End of the combustion engine in 2035: Germany says no!

The German government will not apply the European legislation providing for the banning of thermal cars in 2035. The country wishes to keep thermal engines.

The German government will not ratify the text of the European Union foreseeing the ban on the sale of thermal cars by 2035. Finance Minister Christian Lindner has explicitly opposed to this decisionthis Tuesday, at an event organized by German industries.

As reported by the news agency Reutershe thus declared that he would continue to have niches there for combustion engines. A ban was therefore not not good and the government of the country would not accept this legislation European. While adding that Germany would be still a leading market for electric vehicles.

Still, this should not concern only a small number of thermal vehicles. Two visions clashed in fact in the European Parliament on 8 June. One, voted by majority, was to ban heat engines for cars and light commercial vehicles. The other advocated that thermal engines remain authorized in small quantities. A position notably carried by German manufacturers.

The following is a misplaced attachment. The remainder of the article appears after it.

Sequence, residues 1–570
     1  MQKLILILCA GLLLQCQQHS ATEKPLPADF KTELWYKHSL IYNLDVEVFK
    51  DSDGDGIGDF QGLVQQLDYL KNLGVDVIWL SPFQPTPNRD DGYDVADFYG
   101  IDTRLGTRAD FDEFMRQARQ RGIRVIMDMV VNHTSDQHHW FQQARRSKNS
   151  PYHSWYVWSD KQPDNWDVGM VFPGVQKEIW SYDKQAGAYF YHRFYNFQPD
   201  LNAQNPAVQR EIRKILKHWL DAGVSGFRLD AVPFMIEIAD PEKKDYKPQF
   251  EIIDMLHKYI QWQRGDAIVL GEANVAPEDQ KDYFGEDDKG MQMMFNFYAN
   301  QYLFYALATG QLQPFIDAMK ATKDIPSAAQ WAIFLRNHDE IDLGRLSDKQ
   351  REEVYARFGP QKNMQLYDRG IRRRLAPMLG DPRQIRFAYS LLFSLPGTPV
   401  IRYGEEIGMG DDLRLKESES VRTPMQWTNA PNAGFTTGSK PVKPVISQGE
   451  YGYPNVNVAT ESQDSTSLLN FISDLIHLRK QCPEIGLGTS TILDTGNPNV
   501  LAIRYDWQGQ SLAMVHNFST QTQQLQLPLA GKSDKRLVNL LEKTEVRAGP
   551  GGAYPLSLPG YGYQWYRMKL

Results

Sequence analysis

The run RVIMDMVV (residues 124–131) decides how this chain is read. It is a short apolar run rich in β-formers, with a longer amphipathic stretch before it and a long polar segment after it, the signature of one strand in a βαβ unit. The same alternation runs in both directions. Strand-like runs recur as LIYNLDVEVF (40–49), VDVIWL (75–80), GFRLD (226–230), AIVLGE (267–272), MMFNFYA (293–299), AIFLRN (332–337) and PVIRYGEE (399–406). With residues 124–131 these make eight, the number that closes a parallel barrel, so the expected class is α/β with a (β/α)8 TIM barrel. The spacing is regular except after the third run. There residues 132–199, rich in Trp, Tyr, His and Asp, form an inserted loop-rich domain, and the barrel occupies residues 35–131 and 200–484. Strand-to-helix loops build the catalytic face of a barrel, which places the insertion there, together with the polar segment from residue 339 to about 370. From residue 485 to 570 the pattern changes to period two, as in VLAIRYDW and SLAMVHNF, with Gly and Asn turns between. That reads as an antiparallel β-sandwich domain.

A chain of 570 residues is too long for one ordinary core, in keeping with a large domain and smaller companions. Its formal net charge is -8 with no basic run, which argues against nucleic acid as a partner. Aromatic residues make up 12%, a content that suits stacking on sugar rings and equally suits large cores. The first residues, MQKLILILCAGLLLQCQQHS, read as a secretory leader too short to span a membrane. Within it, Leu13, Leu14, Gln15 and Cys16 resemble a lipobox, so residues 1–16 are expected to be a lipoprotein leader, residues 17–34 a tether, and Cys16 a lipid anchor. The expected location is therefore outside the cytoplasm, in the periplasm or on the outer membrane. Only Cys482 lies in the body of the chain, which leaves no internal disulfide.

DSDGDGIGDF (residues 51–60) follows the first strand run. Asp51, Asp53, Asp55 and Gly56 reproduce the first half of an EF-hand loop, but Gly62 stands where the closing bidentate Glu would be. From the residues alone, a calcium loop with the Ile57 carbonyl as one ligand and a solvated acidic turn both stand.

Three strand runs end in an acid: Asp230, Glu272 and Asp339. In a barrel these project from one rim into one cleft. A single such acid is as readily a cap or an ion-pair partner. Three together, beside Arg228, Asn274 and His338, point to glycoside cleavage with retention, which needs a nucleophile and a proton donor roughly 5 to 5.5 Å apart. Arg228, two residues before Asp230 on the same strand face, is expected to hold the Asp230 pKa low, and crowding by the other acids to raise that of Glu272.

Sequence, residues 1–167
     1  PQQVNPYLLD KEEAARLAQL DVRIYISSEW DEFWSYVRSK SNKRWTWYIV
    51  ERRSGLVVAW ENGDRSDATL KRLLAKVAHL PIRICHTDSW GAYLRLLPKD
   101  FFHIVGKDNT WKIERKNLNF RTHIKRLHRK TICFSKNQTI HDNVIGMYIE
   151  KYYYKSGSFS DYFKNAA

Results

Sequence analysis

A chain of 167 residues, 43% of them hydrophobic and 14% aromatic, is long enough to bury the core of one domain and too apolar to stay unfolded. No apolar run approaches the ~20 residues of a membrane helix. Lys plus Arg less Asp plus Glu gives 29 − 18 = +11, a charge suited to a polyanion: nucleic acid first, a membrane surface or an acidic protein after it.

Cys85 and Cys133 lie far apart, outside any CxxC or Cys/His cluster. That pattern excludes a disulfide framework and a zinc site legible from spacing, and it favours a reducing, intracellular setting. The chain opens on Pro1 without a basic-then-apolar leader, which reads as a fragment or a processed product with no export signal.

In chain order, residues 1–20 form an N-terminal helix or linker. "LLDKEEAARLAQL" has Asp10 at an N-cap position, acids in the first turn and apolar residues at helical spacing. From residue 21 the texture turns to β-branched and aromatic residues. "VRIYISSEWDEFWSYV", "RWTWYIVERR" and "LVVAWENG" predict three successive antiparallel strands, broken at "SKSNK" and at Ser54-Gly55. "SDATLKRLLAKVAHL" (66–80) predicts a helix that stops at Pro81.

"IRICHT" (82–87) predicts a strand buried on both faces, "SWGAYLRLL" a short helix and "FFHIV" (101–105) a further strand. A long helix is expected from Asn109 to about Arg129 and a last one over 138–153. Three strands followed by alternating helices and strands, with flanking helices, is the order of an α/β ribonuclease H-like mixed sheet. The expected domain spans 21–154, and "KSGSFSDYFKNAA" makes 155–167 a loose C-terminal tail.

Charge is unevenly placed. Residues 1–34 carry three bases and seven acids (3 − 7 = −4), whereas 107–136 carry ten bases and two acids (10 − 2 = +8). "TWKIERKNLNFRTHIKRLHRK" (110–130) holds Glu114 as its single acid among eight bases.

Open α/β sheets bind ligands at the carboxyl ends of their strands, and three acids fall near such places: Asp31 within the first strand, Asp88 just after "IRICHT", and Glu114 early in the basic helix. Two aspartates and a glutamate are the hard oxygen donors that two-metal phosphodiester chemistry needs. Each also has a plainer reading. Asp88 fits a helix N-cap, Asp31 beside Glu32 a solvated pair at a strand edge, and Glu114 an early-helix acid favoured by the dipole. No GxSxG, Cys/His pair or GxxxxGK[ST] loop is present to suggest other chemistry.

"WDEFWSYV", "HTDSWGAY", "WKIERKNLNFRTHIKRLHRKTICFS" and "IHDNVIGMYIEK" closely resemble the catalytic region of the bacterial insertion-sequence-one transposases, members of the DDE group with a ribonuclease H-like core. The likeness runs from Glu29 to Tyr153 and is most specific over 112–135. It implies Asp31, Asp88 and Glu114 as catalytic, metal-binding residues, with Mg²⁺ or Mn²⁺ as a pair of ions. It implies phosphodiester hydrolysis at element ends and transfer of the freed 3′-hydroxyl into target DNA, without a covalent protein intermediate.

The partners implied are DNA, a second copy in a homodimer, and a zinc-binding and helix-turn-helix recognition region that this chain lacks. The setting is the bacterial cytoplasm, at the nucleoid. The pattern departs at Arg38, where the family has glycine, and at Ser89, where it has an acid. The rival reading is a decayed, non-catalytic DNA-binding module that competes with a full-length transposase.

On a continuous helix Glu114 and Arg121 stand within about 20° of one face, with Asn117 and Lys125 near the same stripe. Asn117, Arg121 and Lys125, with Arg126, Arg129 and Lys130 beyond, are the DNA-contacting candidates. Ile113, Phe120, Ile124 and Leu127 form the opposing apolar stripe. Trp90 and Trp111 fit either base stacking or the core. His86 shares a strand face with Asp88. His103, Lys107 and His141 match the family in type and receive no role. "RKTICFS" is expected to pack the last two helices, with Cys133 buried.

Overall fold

The 27 Member States must define their position on the heat engine

After this vote, a period of negotiations began, in order to define the positions of the 27 Member States of the European Union. Germany is therefore the first to get out of this ban decried by professionals and builders. This country might not be alone in doing so. France or Italywith a large automobile industry, could also estimate that this prohibition is not appropriate.

A “Ferrari Amendment” could also see the light of day in this piece of legislation. Its purpose would be to protect small luxury builders. Those producing between 1,000 and 10,000 cars each year would not be affected by the CO2 standards of the coming years and should stop thermal models in 2036. Those producing less than 1,000 vehicles would not even be affected by this ban. A new vote is scheduled for June 28for Council of Europe member states.

Also read on Auto-Moto.com:

What CO2 emissions for cars in Europe in 2021?

Ferrari begins a major electric shift by 2026

Why do electric cars (also) emit particles?

#combustion #engine #Germany

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